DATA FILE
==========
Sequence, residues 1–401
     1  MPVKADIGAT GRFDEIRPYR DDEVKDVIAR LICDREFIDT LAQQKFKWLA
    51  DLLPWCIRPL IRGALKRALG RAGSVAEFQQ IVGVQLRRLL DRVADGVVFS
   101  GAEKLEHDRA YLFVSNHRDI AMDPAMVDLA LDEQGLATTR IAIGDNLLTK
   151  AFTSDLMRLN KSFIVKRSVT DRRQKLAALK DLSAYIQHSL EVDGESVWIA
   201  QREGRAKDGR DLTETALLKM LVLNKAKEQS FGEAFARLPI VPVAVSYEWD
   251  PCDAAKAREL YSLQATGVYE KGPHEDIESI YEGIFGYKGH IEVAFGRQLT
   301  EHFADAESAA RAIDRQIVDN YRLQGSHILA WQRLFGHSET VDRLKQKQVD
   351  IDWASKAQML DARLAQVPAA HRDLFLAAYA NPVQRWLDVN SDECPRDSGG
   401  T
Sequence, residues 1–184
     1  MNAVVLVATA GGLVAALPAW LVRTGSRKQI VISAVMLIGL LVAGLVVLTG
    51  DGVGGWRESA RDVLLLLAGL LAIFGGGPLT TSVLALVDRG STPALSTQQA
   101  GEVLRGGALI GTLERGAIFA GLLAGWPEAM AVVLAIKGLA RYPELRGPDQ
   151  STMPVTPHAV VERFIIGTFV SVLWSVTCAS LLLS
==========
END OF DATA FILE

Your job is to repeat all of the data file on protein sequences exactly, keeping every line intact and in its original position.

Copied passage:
Sequence, residues 1–401
     1  MPVKADIGAT GRFDEIRPYR DDEVKDVIAR LICDREFIDT LAQQKFKWLA
    51  DLLPWCIRPL IRGALKRALG RAGSVAEFQQ IVGVQLRRLL DRVADGVVFS
   101  GAEKLEHDRA YLFVSNHRDI AMDPAMVDLA LDEQGLATTR IAIGDNLLTK
   151  AFTSDLMRLN KSFIVKRSVT DRRQKLAALK DLSAYIQHSL EVDGESVWIA
   201  QREGRAKDGR DLTETALLKM LVLNKAKEQS FGEAFARLPI VPVAVSYEWD
   251  PCDAAKAREL YSLQATGVYE KGPHEDIESI YEGIFGYKGH IEVAFGRQLT
   301  EHFADAESAA RAIDRQIVDN YRLQGSHILA WQRLFGHSET VDRLKQKQVD
   351  IDWASKAQML DARLAQVPAA HRDLFLAAYA NPVQRWLDVN SDECPRDSGG
   401  T
Sequence, residues 1–184
     1  MNAVVLVATA GGLVAALPAW LVRTGSRKQI VISAVMLIGL LVAGLVVLTG
    51  DGVGGWRESA RDVLLLLAGL LAIFGGGPLT TSVLALVDRG STPALSTQQA
   101  GEVLRGGALI GTLERGAIFA GLLAGWPEAM AVVLAIKGLA RYPELRGPDQ
   151  STMPVTPHAV VERFIIGTFV SVLWSVTCAS LLLS